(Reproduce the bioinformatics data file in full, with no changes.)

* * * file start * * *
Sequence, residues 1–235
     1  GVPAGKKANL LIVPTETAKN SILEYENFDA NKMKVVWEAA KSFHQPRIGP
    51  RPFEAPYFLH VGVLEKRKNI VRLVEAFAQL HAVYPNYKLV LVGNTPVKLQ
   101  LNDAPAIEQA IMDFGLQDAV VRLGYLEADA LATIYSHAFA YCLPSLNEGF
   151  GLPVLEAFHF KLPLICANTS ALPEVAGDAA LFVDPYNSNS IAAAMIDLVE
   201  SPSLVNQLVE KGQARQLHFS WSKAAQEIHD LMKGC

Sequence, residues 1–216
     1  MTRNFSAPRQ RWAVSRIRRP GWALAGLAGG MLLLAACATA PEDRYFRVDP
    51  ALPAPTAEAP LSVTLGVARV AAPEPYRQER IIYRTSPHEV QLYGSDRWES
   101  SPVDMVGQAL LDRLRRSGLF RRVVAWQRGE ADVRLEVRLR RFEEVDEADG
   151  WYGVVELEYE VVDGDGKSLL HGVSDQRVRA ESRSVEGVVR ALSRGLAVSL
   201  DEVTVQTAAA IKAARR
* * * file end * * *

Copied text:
Sequence, residues 1–235
     1  GVPAGKKANL LIVPTETAKN SILEYENFDA NKMKVVWEAA KSFHQPRIGP
    51  RPFEAPYFLH VGVLEKRKNI VRLVEAFAQL HAVYPNYKLV LVGNTPVKLQ
   101  LNDAPAIEQA IMDFGLQDAV VRLGYLEADA LATIYSHAFA YCLPSLNEGF
   151  GLPVLEAFHF KLPLICANTS ALPEVAGDAA LFVDPYNSNS IAAAMIDLVE
   201  SPSLVNQLVE KGQARQLHFS WSKAAQEIHD LMKGC

Sequence, residues 1–216
     1  MTRNFSAPRQ RWAVSRIRRP GWALAGLAGG MLLLAACATA PEDRYFRVDP
    51  ALPAPTAEAP LSVTLGVARV AAPEPYRQER IIYRTSPHEV QLYGSDRWES
   101  SPVDMVGQAL LDRLRRSGLF RRVVAWQRGE ADVRLEVRLR RFEEVDEADG
   151  WYGVVELEYE VVDGDGKSLL HGVSDQRVRA ESRSVEGVVR ALSRGLAVSL
   201  DEVTVQTAAA IKAARR